Perfectionism is the view that there are objectively better and worse ways for humans to live. Further, we ought to identify these objective goods and implement them in bringing about the best life for humans. Perfectionism is generally constructive. However, it is also criticized for being utopian and at times paternalistic. I argue that despite its flaws, a moderate perfectionism is our best bet for a good built environment.
The Ancient Greek philosopher Aristotle (384–322 BC) is often considered to be the wellspring of perfectionist philosophy. Firstly, Aristotle is a eudaimonist, one who holds that happiness is the highest of all goods. The good life is a happy life. But this is a truism. We are still left with the question: what makes for happiness? Here Aristotle’s answer is perfectionist. He proposes that we humans are distinctively rational and moral creatures. Happiness comes about by perfecting and acting in accordance with our rational and moral nature. Importantly, for Aristotle a good life is one wherein we are actually able to perfect and act in accordance with our nature. Therefore the good life requires a certain social and political infrastructure, as well, some add, it requires a certain physical infrastructure. Starting with the Greeks, through the Enlightenment, notably in Rousseau, up the present day, for example in the work of Lewis Mumford, the argument is made that for better or worse the built environment shapes human nature and values. It behooves those interested in the good life to identify and manage the influences of the built environment on the lives of its inhabitants.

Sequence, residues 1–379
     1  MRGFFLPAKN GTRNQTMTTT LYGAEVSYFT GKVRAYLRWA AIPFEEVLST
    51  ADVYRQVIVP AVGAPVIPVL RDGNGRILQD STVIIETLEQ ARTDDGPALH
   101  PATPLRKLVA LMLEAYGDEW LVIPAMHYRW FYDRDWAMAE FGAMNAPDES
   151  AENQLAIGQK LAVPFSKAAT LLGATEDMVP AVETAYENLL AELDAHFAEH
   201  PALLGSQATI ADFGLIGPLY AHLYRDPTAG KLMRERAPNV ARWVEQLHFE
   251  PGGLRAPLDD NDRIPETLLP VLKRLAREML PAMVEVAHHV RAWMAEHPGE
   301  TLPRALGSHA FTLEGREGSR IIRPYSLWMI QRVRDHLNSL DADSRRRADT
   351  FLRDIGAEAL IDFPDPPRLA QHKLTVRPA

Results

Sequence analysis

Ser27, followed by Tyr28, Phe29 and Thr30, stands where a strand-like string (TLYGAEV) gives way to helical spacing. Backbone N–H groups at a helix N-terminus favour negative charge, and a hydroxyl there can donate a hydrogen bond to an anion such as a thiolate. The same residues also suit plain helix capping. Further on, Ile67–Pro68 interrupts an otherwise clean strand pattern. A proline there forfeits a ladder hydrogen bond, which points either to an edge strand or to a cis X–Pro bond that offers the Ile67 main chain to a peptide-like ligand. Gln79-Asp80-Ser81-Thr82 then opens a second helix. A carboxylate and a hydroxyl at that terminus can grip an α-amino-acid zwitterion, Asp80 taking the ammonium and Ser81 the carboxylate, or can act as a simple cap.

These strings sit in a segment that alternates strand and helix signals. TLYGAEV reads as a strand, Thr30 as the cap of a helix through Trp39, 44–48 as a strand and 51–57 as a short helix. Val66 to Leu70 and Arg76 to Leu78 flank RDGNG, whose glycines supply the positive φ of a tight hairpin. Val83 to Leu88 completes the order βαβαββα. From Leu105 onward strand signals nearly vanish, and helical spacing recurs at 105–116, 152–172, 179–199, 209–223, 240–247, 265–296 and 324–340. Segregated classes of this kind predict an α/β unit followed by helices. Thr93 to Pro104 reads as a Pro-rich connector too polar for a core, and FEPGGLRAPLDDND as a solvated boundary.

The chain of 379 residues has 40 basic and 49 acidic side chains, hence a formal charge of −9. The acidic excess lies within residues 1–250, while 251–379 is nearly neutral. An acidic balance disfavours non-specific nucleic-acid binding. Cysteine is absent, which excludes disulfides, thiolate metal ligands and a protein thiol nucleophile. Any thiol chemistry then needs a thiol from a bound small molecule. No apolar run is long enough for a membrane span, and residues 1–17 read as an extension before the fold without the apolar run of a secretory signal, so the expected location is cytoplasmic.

Two questions arise for perfectionism and the built environment. The first is focused on human perfection. It asks how the environment either contributes to or detracts from the project of human perfection. A second question looks at the perfection of the environment itself. It asks what are the typical and distinctive features of the built environment, and how are they perfected? In other words, how do we build an objectively good environment? I shall focus on the second question, however, it will turn out that the interplay of human perfection and the environment will be a relevant consideration in what makes for a good built environment. In particular I shall consider how civic deliberation contributes to both human perfection and a good environment.
An obstacle for perfectionism about the environment is that its claim for objectivity can be difficult to substantiate and to implement. Despite such obstacles, there is an indelible perfectionist streak to our thinking about the environment. For example, contemporary urban design and planning proceed on the assumption that there are better and worse cities. They are not mere accidents; they are distinctive social and aesthetic structures with their own set of organizing principles. A good city is one that functions well city. A skeptic about perfectionism doubts the possibility of identifying how either humans or environments, as a rule, turn out to be better or worse. I, however, shall argue for a moderate perfectionism about the environment.
Rita Risser, University of British Columbia, CA
Harvard Citation Guide: Risser, R. (2012) Perfectionism and the Built Environment, International Society for the Philosophy of Architecture, [blog] 06 May 2012, Available at: https://isparchitecture.wordpress.com. [Accessed: 01 June 2012].